We used Nukemap's estimation of where fallout would travel based on the prevailing winds on Thursday, October 12. We'll note, however, that fallout clouds usually take on a more complex shape due to high-altitude winds.

New Haven, Connecticut: 85,000 dead, 117,000 injured

This 150-kiloton blast over New Haven could destroy:

- 93 hospitals and medical facilities
- Seven fire stations
- 114 schools and educational facilities
- 160 churches, synagogues, mosques, and other places of worship

Parts of Long Island, Queens, and Brooklyn may not escape the deadly fallout effects of a ground attack on New Haven.

The strongest fallout would be toward the center (red), emitting about 1,000 rads per hour. The weakest fallout (yellow), emitting about 1 rad per hour, would spread the farthest.

Weaker fallout dissipates withing 24 hours, though radioactive debris close to a blast site can remain dangerous for 48 hours.

A person who stood outside in the 100-rad-per-hour zone (dark orange) for four hours would get 400 rads of radiation exposure — enough to kill 50% of people by acute radiation syndrome.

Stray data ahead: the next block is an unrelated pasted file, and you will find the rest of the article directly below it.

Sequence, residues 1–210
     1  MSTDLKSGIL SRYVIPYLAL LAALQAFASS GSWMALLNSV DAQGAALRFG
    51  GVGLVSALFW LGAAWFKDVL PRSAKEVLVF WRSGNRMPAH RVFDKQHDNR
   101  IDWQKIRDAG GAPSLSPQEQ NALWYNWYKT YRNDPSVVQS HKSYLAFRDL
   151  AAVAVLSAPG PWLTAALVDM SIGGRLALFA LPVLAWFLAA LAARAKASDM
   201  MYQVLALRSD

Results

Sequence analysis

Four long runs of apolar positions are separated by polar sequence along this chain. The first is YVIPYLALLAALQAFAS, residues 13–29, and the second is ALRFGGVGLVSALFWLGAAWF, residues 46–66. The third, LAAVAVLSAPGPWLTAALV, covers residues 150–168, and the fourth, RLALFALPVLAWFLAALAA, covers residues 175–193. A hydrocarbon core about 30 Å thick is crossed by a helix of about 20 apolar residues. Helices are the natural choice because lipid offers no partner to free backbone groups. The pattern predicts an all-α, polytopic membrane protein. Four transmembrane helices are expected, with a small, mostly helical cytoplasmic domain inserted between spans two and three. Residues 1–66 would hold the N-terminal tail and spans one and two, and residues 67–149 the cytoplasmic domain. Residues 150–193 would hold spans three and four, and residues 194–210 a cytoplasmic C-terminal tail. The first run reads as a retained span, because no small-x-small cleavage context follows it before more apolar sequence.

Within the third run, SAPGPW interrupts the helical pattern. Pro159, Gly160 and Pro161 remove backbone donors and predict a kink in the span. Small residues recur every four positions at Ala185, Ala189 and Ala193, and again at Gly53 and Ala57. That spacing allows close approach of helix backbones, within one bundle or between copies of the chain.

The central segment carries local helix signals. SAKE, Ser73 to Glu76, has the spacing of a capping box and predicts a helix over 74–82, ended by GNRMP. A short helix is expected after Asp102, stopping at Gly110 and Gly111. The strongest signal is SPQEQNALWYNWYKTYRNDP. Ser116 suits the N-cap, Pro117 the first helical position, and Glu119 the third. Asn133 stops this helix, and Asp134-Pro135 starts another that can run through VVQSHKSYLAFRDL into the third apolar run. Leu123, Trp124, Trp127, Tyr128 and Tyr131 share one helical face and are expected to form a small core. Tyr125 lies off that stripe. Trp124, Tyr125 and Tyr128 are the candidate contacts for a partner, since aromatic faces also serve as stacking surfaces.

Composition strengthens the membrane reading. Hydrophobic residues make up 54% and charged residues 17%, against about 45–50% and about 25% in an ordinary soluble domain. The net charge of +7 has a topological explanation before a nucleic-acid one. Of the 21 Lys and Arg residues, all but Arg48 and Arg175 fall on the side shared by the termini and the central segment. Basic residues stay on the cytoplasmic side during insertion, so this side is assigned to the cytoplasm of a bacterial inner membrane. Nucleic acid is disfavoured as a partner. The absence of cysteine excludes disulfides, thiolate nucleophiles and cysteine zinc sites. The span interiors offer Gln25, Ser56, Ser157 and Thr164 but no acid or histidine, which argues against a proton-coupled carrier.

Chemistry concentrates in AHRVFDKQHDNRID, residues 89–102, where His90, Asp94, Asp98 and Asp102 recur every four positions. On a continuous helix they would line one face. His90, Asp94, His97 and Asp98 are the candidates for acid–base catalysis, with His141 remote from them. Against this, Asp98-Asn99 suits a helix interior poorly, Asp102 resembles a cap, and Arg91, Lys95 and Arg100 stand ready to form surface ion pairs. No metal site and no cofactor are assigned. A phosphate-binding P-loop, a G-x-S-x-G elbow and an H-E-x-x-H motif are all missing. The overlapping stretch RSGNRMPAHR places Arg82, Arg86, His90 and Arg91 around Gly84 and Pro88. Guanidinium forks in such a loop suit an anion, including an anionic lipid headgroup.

Detroit, Michigan: 102,000 dead, 220,000 injured

This 150-kiloton blast over Detroit could destroy:

- 59 hospitals and medical facilities
- Seven fire stations
- 62 schools and educational facilities
- 56 churches, synagogues, mosques, and other places of worship

Evening winds would blow fallout debris 100 miles southwest of the city center.

Miami, Florida: 125,000 dead, 277,000 injured

This 150-kiloton blast over Miami could destroy:

- 50 hospitals and medical facilities
- Five fire stations
- 116 schools and educational facilities
- 97 churches, synagogues, mosques, and other places of worship

Radioactive fallout from a Miami ground blast might travel all the way across the tip of the Florida peninsula.

Honolulu, Hawaii: 151,000 dead, 165,000 injured

This 150-kiloton blast over Honolulu could destroy:

- 34 hospitals and medical facilities
- Six fire stations
- 147 schools and educational facilities
- 141 churches, synagogues, mosques, and other places of worship

Most fallout from a nuclear ground strike on Honolulu would blow into the Pacific Ocean.